The emphasis has shifted from mainly hardware-based products to networked software solutions and the company is looking beyond its primary markets in the mining/quarrying area to sectors such as forestry and waste management. It’s established what it calls “strategic performance indicators” that extend five years out.
By 2011, Actronic intends to lead the world in assisting the quarrying, mining and waste industries to increase the productivity of their loading operations. It plans to have doubled its revenue to $50 million by then.
“There are also some targets around market share, customer satisfaction measures, staff engagement and turnover and new product revenue. We’ve set milestones for each of the years working back to March 2008 and we’re very much on track,” says Templeton.
The company is already market leader in North America, Australia and Ireland. Emerging markets include South America – Brazil in particular – and China, where it has strong toehold through partnership negotiated last year with established weigh systems giant Mettler Toledo. That alone is expected to generate business worth US$500,000 in 2006 and to double year on year.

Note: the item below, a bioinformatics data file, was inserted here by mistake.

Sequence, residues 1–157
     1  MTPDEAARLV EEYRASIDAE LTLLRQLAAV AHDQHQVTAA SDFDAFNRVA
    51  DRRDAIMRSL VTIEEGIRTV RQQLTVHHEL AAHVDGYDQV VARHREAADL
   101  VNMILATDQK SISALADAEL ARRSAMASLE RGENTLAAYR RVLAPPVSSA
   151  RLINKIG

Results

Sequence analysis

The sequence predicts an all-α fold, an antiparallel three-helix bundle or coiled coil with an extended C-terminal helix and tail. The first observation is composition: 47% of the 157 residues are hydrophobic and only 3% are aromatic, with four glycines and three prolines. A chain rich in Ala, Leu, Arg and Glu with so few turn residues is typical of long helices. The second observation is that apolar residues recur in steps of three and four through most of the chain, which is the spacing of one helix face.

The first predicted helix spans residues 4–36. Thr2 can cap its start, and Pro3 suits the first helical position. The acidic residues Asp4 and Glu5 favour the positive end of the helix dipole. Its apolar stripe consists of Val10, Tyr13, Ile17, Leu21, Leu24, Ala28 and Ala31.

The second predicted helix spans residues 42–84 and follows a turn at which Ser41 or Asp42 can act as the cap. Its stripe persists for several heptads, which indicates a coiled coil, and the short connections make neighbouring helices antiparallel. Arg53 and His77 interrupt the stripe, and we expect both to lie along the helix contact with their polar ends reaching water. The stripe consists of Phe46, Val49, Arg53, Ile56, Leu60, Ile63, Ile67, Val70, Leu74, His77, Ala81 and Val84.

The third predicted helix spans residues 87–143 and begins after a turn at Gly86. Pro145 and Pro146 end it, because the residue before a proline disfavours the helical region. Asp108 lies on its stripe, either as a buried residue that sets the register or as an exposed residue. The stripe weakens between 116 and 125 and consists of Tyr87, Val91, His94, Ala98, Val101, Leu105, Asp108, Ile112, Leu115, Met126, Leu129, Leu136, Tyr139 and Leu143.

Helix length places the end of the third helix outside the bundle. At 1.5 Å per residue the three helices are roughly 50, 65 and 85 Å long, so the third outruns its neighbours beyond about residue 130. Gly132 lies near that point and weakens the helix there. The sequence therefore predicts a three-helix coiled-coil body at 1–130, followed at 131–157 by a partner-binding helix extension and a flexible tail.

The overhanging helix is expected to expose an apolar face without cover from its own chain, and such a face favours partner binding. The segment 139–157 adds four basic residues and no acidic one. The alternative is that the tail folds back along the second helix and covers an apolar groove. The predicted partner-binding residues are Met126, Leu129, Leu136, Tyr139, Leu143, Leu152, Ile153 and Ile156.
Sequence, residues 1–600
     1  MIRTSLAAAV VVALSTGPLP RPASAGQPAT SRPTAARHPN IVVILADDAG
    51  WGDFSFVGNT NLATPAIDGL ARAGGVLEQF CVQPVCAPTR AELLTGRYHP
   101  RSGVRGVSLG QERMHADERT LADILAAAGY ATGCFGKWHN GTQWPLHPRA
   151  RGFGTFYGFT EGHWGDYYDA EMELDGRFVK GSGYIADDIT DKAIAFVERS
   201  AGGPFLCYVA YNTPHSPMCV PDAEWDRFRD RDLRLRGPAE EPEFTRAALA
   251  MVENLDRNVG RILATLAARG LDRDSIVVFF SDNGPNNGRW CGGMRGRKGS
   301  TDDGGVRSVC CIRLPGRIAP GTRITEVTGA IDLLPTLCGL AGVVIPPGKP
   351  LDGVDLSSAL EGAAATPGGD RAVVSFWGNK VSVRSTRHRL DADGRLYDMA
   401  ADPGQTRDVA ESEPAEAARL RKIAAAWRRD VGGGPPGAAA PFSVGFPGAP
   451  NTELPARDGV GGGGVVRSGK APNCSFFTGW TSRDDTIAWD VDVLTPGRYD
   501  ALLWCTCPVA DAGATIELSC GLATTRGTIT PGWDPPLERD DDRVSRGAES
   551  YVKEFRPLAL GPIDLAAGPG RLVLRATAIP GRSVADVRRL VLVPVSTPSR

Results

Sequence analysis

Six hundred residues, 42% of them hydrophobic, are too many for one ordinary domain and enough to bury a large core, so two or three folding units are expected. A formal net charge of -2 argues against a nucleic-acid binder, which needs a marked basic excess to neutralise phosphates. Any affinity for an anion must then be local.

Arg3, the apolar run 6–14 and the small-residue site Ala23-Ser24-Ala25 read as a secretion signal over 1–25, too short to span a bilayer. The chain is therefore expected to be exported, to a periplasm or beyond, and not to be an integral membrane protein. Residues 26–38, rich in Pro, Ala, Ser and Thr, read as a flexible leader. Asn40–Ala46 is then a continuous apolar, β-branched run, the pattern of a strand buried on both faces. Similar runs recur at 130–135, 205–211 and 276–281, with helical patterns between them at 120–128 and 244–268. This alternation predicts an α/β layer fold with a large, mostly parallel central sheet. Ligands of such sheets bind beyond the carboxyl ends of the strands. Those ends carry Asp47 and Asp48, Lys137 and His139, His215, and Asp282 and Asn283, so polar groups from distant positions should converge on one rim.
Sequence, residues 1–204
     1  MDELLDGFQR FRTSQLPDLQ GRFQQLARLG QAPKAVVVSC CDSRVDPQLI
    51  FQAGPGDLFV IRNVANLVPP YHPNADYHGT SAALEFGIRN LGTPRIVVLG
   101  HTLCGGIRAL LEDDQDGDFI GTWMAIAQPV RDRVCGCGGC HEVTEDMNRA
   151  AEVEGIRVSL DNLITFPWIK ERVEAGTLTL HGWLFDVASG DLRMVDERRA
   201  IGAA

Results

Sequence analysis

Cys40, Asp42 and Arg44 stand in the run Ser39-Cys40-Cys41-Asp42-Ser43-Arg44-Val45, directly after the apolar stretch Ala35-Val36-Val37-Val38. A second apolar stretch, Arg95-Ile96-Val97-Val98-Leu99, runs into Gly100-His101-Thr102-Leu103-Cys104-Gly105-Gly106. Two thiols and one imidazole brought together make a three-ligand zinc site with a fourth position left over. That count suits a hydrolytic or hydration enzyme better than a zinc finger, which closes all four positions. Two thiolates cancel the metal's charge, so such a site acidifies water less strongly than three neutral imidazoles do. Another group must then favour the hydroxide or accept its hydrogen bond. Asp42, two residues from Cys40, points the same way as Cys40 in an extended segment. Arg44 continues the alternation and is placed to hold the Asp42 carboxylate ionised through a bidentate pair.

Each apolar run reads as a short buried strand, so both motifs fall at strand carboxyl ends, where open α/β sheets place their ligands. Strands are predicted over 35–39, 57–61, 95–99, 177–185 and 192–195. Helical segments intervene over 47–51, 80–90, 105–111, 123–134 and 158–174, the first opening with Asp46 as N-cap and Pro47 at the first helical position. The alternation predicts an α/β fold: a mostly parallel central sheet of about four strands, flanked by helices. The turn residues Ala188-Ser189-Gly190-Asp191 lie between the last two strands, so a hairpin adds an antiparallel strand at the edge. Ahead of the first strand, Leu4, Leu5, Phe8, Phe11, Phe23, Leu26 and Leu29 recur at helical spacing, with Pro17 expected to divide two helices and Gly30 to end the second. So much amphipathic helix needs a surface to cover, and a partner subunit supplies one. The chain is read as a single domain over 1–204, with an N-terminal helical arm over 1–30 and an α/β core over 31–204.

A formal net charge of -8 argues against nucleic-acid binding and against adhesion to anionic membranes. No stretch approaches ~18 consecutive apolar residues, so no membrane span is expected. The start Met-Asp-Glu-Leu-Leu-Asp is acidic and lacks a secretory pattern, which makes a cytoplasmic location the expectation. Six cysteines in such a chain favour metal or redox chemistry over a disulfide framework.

New markets it is targeting are India – where Mettler Toledo is again its chosen distribution partner – and selected areas of Russia and Eastern Europe. The company now has regional offices in North America, China and Europe and is anticipating rapid increase in staffing levels.
Expansion means taking on new capability and, with its Penrose headquarters already overflowing, Actronic is planning move to new custom-designed premises in Avondale within couple of months. It’s shift that in many ways reflects the shift in company mindset.
“We set out thinking about how to design new building but quickly realised this was key part of the design process, assisting culture change as well as providing real opportunity to change the way people work. So we put lot of effort into looking at work flows in terms of encouraging informal interactions between people and that cross-functional team approach.”
It’s also about shrinking the barriers between central ‘head

Visited 5 times, 1 visit(s) today
Close Search Window